The global economy has been on its best roll in years and set to do even better in 2018, driven by a US economic expansion that is currently the third-longest since World War II. Despite this, the US dollar’s ride through 2017 has been mixed, its performance slumping from January to September, undermined by concerns regarding the Trump administration, a sustained run of weak economic data and an improving economic backdrop, namely in Europe and China. As we have moved through October and early November, it appears as though there has been a key shift in sentiment towards the greenback, climbing over 6% against the Aussie dollar. So what has caused this dynamic and is it set to continue?
On the political front, the contribution to the USD rally during October was developments that put US tax reform back on the table. With the US senate passing a budget resolution this now allows the Republicans to pass a tax reform bill. As I write this morning, the Republican tax plan had been released overnight, cutting the US corporate tax rate to 20% (from 35%) in addition to reducing 7 personal tax brackets to 4 and a lower tax rate for the repatriation of offshore profits. Whilst this did have a muted impact on USD direction, longer term this may prove inflationary for the USD and drive further gains.
Domestic politics also served to put a weight on the AUD late in the month as news that Deputy Prime Minister Barnaby Joyce had been ruled ineligible to stand for parliament by the High Court of Australia. Sitting in the House of Reps where the Coalition holds a majority by a sole seat, Joyce’s disqualification means that the government has temporarily lost its majority in the Lower House. With Prime Minister Turnbull adamant from the outset that his deputy would be cleared, both his and the government’s credibility has taken a further hit. This all played out on the last Friday of the month, following an action packed overnight session that saw the announcement of the aforementioned US budget resolution in addition to a European Central Bank (ECB) meeting that sent the EUR sharply lower and the USD higher.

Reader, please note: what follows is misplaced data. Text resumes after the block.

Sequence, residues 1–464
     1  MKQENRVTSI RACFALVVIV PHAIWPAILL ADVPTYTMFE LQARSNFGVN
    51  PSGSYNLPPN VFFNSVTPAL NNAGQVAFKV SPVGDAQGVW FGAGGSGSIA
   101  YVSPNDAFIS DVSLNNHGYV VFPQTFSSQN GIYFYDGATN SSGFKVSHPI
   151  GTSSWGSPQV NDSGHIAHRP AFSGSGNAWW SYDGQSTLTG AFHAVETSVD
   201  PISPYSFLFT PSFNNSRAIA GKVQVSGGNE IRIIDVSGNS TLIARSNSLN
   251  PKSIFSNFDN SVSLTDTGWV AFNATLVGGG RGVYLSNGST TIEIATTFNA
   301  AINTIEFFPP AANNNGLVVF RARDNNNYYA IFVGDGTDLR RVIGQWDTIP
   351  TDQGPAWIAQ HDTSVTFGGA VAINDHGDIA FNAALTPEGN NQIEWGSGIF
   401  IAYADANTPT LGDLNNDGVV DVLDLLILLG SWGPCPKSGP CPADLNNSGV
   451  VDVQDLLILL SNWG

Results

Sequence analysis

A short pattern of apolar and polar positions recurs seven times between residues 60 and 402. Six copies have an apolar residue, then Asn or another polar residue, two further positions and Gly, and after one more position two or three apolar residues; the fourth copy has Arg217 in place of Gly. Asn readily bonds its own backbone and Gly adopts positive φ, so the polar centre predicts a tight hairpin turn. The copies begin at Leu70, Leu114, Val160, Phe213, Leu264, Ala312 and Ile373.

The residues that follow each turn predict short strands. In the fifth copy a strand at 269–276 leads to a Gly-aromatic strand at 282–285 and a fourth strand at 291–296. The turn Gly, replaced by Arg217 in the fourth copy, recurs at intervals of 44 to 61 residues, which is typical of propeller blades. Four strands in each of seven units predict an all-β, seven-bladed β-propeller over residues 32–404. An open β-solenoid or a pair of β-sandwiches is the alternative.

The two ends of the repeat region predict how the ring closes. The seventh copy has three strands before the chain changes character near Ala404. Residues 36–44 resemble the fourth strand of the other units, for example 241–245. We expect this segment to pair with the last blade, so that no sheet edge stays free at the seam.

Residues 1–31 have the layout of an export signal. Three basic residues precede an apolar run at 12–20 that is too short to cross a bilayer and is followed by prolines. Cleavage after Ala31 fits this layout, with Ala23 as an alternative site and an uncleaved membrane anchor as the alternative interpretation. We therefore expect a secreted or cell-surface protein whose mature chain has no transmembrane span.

On the back of these three events the Aussie dollar fell to its October lows at 0.7625, levels not seen since early July.
Earlier in the month the Aussie looked to be regaining its footing post a swift rejection of levels above 0.8000 US cents but ultimately failed at levels around the 0.7880 – 0.7900 region predominantly driven by the ever increasing positive outlook towards the USD. Local economic factors also played their part as another round of soft inflation numbers in addition to a Sydney-led national housing market slowdown reinforcing the view that the Reserve Bank of Australia will leave rates on hold for a sustained period. With US interest rates on the rise and the RBA on hold, monetary policy divergence will likely put restraints on the Aussie dollar retesting the 0.8000 US cent mark.
Throw in questions about the outlook for Australian households (weak consumer spending), underutilisation in the labour market and persistently low wages growth – there are a number of headwinds that the Aussie dollar currently faces. Many commentators, forecasters and strategists are now calling for levels in the mid to low 0.7000’s over the coming quarters.
Whilst the AUDUSD cross looks to be heading lower in the short to medium term, the outlook is less clear for AUDEUR.
Failing to break through key levels sitting just below 0.6700, it was a choppy month for the pair with the Aussie dollar ultimately ending the month circa 1% lower. The key event for the Euro came late in the month via the aforementioned ECB meeting with Mario Draghi fulfilling expectations for a reduction in the central bank’s stimulus program. On its own, announcing a reduction in the volume of monthly bond purchases would prove to be favourable for the Euro, however the end result for the Euro was the second largest post BREXIT sell off as Draghi also announced that the ECB would be in no hurry to raise interest rates, maintaining negative rates for the next 12 months. Having aggressively retreated to month lows, sub 0.6500, AUDEUR staged a swift recovery, climbing back through 0.6600. As the Euro recovery continues to play out and the ECB takes a closer step to normalising Euro zone rates, the Aussie dollar will likely head to lower levels retesting the low 0.6000’s seen in early 2016.